The Nuclear Regulatory Commission has released for “unrestricted use” most of the land on and around where the Zion nuclear power plant once operated in northeastern Illinois. This means that any residual radiation is below the NRC’s limits and there will be no further regulatory controls by the agency for that portion of the property.
Only the plant’s independent spent fuel storage installation (ISFSI), which covers about 5 acres, will remain under NRC license and oversight.
Some history: The Zion plant consisted of two pressurized water reactors that operated from 1973 until 1997. Then-operator Commonwealth Edison certified the permanent shutdown of the plant in 1998.
In 2010, Zion’s licenses were transferred from Exelon Generation (now Constellation Energy) to ZionSolutions, a subsidiary of radioactive waste disposal company EnergySolutions, to expedite the decommissioning process.
Final surveys: ZionSolutions completed the majority of Zion’s decommissioning work by 2019, and the NRC approved the transfer of Zion’s licenses back to Constellation that same year, conditional on the satisfactory completion of the site’s final status surveys.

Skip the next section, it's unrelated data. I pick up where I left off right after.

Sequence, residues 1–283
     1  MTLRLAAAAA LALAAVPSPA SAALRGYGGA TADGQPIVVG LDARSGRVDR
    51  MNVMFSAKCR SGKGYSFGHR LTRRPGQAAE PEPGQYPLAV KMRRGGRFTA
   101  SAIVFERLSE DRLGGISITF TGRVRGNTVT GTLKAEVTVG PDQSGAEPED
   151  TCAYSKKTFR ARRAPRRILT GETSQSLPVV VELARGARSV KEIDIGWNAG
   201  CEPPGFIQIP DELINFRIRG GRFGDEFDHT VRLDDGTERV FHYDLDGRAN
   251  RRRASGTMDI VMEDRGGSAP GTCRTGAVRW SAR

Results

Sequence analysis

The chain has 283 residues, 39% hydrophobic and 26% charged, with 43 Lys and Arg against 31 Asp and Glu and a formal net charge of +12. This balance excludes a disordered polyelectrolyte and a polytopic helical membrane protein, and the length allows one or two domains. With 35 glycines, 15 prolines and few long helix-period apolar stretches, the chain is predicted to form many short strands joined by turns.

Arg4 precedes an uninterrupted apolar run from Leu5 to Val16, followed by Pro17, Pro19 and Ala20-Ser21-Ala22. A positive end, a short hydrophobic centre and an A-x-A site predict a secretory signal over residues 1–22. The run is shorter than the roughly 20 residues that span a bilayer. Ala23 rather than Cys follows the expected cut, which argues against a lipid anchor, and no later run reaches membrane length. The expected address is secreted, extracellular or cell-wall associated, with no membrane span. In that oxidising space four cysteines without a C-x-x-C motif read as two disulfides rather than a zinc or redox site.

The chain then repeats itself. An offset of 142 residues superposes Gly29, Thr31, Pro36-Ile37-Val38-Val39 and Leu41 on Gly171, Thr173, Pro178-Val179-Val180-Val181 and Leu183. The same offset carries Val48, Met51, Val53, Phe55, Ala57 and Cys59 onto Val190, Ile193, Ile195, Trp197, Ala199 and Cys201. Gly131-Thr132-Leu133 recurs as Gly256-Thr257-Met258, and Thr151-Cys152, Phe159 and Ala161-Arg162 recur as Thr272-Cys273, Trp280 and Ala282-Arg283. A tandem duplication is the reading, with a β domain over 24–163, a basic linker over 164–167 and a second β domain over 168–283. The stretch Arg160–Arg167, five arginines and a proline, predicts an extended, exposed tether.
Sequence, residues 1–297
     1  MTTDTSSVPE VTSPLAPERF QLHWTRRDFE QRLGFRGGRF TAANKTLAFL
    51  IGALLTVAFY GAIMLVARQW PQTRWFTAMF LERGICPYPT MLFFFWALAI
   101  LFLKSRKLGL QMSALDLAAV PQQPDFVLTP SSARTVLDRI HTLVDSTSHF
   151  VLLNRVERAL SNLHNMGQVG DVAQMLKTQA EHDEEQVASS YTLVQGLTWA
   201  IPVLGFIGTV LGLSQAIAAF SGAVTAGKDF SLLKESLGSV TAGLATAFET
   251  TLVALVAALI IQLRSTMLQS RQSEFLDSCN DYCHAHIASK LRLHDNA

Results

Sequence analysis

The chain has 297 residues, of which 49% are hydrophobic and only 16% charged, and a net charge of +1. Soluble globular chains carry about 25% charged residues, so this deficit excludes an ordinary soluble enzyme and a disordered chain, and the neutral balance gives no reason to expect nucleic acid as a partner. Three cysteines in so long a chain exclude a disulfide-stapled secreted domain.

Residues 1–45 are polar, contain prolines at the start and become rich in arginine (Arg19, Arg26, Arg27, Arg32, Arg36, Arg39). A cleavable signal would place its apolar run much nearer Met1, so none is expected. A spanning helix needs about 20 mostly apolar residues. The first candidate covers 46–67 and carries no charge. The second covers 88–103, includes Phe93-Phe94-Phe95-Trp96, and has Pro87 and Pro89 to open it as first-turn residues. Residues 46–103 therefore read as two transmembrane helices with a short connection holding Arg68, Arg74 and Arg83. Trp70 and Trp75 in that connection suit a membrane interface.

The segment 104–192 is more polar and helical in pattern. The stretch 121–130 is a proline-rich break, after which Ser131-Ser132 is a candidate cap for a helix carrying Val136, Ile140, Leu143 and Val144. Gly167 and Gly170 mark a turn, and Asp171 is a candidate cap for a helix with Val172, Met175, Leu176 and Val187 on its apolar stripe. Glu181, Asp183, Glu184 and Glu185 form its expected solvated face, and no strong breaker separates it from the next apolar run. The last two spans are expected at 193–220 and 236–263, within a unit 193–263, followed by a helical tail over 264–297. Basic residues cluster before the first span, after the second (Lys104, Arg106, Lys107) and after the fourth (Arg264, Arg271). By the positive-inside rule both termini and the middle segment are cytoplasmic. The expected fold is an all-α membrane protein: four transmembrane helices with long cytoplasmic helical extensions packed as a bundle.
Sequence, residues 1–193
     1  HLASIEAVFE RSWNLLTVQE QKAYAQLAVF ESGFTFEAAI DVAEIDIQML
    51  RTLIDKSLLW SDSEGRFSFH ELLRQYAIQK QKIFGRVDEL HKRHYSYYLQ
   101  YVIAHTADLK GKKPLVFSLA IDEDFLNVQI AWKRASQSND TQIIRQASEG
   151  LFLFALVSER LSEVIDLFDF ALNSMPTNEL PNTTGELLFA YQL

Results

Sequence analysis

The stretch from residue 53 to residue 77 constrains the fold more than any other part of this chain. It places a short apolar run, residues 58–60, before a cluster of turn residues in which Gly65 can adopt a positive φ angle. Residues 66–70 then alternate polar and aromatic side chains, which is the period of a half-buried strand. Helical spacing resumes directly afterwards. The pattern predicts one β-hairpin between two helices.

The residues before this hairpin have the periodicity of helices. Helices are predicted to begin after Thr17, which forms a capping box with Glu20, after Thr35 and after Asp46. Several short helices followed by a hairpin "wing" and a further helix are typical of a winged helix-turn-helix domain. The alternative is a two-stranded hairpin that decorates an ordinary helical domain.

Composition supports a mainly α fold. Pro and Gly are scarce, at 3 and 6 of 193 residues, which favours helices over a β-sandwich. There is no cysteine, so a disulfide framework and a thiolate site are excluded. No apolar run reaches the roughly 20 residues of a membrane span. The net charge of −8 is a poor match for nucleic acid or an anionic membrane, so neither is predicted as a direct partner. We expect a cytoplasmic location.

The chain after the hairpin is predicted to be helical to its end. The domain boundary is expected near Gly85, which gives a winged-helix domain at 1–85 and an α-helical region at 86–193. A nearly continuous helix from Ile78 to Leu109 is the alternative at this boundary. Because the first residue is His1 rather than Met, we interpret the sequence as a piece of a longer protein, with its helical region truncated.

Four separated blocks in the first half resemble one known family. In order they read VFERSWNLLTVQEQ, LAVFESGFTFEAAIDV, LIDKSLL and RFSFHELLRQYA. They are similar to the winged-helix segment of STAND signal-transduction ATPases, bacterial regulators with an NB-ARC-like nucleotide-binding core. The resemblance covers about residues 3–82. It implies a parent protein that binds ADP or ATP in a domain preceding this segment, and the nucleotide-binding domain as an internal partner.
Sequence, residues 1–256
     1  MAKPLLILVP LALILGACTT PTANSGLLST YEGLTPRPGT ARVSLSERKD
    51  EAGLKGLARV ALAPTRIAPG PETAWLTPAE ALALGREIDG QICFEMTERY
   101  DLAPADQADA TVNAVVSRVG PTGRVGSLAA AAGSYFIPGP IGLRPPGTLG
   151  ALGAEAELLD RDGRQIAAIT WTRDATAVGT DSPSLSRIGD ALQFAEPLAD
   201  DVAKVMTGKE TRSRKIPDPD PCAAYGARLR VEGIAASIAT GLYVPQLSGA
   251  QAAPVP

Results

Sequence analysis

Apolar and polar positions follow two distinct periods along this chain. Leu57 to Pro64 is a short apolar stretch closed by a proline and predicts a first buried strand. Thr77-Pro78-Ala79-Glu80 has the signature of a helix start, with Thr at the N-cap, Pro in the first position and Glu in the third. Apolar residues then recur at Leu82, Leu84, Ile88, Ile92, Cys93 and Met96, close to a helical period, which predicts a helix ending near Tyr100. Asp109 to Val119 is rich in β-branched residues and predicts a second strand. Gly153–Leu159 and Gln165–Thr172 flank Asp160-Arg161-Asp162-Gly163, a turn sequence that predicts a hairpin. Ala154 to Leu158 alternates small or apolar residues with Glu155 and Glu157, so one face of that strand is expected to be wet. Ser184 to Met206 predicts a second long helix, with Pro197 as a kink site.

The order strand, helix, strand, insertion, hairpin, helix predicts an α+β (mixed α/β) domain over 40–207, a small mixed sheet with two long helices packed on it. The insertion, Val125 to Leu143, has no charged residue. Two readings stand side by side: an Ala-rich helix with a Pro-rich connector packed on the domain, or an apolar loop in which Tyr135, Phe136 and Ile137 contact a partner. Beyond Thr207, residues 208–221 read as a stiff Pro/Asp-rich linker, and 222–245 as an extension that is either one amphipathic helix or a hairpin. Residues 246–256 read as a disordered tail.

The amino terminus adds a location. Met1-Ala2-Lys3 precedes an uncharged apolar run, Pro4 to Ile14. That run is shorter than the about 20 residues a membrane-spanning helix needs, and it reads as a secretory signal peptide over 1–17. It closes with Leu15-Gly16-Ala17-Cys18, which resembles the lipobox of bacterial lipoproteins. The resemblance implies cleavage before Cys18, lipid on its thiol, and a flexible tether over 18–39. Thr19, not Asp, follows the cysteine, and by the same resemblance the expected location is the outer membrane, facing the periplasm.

Radioactive contamination was found at the site, however, requiring additional remediation and delaying the final status survey reviews. It was found that the particles were released from Zion’s containment buildings and fuel handling building during decommissioning work.
On November 8, the NRC informed ZionSolutions that it had completed its review of the survey reports and found that they provide “reasonable assurance” that the residual radioactivity at the site met the agency’s radiation protection standards.
Next steps: ZionSolutions is now free to transfer Zion’s ISFSI license to Constellation, which will be responsible for the security and protection of the spent fuel until an off-site storage facility or permanent disposal site becomes available.
Once the two companies close on their transaction, the NRC will issue amendments changing the name on the license to Constellation, which is then free to use the remainder of the former plant site for any application.